The other thing I would go back to is Dr. Von Eschenbach’s term suffering. We tend to forget that while cancer is still a terrible disease we have reduced suffering from cancer already dramatically, much better pain control, control of nausea and vomiting. Chemotherapy has gotten more tolerable. We can restore bone marrow function fairly quickly with really very superb science using hormones to stimulate the way the marrow functions after chemotherapy. These are major changes.
Deborah Schrag: And the fact that it’s no longer something that people need to keep a secret, the fact that there are many public figures who have cancer who are open about their cancer diagnoses and the numerous strategies people use to cope.
Doug Schwartzentruber: I think our strategy somewhat has changed. Yes, we continue to search for a cure, but the other C word, control and so many of our trials right now that are publishing results talk about cancer control as opposed to the term cure and getting that disease to stabilize and not progress and if we can do that it becomes an elegist to some of our other chronic diseases.
Siddhartha Mukherjee: Dr. Schrag, can lifestyle choices alone prevent cancer?
Dr. Deborah Schrag: Lifestyle choices alone can’t prevent all cancers, but they can enormously decrease the incidence, particularly of some cancers, so lung cancer would be the best example. Some of the things Harold was talking about, getting vaccinated for hepatitis B, getting vaccinated for the human papillomavirus, getting 11 year-old girls- we could probably eradicate or come close to eradicating cervical cancer. The challenge is here we’ve got a cancer that is caused by a virus and we know that just as our genes are changing and evolving so are the genes of viruses, so right now we have a vaccine that seems to work against most strains, but is it possible that we’ll have new viral strains that this vaccine will no longer work? Absolutely, that's possible, so this is going to be an ongoing process.
The previous director of the National Cancer Institute wanted to banish suffering and death from cancer by 2015. Current director Harold Varmus says this claim was not based on reality, but huge strides in prevention, detection, and treatment are being made.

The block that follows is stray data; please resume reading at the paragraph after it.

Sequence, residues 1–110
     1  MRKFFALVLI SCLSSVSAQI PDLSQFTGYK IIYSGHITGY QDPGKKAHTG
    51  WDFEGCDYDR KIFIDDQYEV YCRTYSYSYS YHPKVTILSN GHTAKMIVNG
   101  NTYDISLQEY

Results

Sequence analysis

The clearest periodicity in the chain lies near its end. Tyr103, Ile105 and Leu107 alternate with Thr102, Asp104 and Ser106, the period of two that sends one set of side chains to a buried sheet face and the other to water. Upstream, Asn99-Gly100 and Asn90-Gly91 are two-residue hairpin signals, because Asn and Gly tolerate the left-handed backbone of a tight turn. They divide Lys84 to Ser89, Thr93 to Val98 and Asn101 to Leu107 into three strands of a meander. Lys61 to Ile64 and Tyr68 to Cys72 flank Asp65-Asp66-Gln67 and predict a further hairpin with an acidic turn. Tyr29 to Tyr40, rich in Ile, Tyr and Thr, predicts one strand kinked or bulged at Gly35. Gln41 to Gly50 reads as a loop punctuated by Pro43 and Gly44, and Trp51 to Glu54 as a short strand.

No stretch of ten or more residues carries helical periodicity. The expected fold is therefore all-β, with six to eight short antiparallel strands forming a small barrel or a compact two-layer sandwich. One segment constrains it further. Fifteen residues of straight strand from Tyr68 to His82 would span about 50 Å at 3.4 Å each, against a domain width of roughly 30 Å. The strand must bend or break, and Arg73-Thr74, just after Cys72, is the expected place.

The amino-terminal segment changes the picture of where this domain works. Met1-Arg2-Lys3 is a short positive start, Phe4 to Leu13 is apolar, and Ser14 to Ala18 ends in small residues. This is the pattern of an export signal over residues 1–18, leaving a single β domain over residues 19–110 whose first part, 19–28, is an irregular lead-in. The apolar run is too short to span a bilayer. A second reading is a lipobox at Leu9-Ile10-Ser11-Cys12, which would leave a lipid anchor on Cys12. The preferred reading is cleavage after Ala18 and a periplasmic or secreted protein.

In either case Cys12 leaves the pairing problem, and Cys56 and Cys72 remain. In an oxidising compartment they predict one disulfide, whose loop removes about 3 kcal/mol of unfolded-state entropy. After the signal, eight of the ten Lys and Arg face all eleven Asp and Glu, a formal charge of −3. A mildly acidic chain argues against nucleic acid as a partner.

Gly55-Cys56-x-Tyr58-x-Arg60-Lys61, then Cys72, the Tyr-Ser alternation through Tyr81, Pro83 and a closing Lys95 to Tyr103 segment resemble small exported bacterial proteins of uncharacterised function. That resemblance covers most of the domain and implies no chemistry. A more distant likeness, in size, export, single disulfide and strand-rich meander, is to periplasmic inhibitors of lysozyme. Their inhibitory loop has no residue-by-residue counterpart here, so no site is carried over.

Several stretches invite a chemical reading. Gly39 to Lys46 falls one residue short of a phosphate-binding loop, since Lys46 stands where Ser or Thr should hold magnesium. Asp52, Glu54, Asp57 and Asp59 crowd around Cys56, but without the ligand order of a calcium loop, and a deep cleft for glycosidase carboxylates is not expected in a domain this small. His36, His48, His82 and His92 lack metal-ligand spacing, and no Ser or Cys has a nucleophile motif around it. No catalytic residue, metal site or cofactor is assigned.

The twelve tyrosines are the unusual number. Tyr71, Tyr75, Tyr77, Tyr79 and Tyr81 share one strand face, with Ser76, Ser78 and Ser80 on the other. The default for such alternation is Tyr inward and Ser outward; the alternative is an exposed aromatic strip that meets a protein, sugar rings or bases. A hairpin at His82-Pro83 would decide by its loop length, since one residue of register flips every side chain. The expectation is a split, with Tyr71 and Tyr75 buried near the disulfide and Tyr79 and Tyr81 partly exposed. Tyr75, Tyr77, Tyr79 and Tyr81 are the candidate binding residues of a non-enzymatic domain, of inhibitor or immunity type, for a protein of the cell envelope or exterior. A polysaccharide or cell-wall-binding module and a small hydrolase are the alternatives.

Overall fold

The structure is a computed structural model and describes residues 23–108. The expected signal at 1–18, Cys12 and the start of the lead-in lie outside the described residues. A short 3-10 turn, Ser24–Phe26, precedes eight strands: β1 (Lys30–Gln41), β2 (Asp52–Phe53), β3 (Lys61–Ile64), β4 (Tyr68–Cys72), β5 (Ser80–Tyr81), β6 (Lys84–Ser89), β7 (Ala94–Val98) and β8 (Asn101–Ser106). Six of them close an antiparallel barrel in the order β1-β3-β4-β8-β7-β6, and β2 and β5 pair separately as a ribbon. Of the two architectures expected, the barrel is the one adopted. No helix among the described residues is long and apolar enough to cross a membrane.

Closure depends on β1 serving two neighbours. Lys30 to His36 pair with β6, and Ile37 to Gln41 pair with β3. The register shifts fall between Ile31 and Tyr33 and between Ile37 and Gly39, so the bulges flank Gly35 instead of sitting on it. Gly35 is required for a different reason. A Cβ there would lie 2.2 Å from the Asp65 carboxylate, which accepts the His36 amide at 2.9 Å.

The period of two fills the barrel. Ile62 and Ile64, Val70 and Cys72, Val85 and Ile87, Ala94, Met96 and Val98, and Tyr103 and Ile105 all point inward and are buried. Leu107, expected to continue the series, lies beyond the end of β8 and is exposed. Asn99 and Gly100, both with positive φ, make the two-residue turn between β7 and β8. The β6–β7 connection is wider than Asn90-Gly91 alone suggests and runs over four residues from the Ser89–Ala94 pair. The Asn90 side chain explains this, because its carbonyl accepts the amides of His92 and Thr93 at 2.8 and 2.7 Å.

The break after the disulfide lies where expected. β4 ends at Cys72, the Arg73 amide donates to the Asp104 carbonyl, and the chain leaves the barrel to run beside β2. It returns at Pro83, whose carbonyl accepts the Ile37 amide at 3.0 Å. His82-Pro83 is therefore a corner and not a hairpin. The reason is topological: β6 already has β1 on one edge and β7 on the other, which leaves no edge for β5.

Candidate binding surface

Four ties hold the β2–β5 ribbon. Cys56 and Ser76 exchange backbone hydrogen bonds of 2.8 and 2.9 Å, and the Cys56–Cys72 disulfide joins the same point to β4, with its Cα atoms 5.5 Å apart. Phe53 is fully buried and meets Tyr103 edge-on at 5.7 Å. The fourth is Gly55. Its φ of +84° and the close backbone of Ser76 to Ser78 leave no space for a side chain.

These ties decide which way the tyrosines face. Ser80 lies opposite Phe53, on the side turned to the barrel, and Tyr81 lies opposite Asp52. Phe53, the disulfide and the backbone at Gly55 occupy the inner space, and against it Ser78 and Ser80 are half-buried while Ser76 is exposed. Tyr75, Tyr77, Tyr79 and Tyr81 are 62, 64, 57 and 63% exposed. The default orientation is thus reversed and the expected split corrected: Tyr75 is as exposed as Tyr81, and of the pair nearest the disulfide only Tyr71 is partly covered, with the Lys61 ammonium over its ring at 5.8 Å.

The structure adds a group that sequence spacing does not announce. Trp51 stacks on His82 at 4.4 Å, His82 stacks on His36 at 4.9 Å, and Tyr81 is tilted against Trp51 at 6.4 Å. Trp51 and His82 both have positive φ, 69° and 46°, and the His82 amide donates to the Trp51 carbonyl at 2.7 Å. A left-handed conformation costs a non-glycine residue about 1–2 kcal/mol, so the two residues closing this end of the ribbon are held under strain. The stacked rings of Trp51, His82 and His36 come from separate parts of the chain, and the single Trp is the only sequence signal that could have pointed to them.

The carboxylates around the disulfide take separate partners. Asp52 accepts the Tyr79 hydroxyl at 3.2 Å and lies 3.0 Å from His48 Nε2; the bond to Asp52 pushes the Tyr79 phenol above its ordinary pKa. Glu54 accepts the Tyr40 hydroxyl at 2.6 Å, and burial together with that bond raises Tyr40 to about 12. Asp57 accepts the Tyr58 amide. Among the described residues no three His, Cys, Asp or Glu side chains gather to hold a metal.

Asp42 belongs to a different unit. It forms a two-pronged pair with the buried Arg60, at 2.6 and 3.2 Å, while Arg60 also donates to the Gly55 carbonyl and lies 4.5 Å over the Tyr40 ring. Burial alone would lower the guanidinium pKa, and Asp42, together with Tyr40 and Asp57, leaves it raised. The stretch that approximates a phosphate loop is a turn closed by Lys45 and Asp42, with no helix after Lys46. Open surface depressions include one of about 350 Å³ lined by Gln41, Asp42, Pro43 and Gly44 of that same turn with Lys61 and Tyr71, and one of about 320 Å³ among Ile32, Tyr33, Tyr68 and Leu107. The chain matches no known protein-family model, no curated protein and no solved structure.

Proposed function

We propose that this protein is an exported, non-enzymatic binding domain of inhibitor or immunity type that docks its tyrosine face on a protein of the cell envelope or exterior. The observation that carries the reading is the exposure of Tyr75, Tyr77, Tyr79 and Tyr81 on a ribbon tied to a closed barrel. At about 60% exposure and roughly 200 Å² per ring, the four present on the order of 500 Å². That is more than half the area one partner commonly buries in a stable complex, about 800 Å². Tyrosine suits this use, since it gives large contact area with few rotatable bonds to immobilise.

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Antimicrobial resistance is growing worldwide, rendering many "work horse" medicines ineffective. Without intervention, drug-resistant pathogens could lead to millions of deaths by 2050. Thankfully, companies like Pfizer are taking action.
- Antimicrobial-resistant pathogens are one of the largest threats to global health today.
- As we get older, our immune systems age, increasing our risk of life threatening infections. Without reliable antibiotics, life expectancy could decline for the first time in modern history.
- If antibiotics become ineffective, common infections could result in hospitalization or even death. Life-saving interventions like cancer treatments and organ transplantation would become more difficult, more often resulting in death. Routine procedures would become hard to perform.
- Without intervention, resistant pathogens could result in 10 million annual deaths by 2050.
- By taking a multi-faceted approach—inclusive of adherence to good stewardship, surveillance and responsible manufacturing practices, as well as an emphasis on prevention and treatment—companies like Pfizer are fighting to help curb the spread.
Journalism got a big wake up call in 2016. Can we be optimistic about the future of media?
- "[T]o have a democracy that thrives and actually that manages to stay alive at all, you need regular citizens being able to get good, solid information," says Craig Newmark.
- The only constructive way to deal with fake news? Support trustworthy media. In 2018, Newmark was announced as a major donor of two new media organizations, The City, which will report on New York City-area stories which may have otherwise gone unreported, and The Markup, which will report on technology.
- Greater transparency of fact-checking within media organizations could help confront and correct fake news. Organizations already exist to make media more trustworthy — are we using them? There's The Trust Project, International Fact-Checkers Network, and Tech & Check.